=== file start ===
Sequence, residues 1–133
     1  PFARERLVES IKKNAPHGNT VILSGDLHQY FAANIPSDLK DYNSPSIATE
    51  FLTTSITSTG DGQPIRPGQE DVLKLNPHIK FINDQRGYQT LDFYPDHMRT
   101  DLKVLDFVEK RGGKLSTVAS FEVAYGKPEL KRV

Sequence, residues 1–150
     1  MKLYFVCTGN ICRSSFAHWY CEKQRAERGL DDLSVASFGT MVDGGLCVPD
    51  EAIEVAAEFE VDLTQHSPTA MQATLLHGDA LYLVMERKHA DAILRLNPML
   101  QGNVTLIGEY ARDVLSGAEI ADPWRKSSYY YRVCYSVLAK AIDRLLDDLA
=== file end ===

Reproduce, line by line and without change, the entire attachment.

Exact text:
Sequence, residues 1–133
     1  PFARERLVES IKKNAPHGNT VILSGDLHQY FAANIPSDLK DYNSPSIATE
    51  FLTTSITSTG DGQPIRPGQE DVLKLNPHIK FINDQRGYQT LDFYPDHMRT
   101  DLKVLDFVEK RGGKLSTVAS FEVAYGKPEL KRV

Sequence, residues 1–150
     1  MKLYFVCTGN ICRSSFAHWY CEKQRAERGL DDLSVASFGT MVDGGLCVPD
    51  EAIEVAAEFE VDLTQHSPTA MQATLLHGDA LYLVMERKHA DAILRLNPML
   101  QGNVTLIGEY ARDVLSGAEI ADPWRKSSYY YRVCYSVLAK AIDRLLDDLA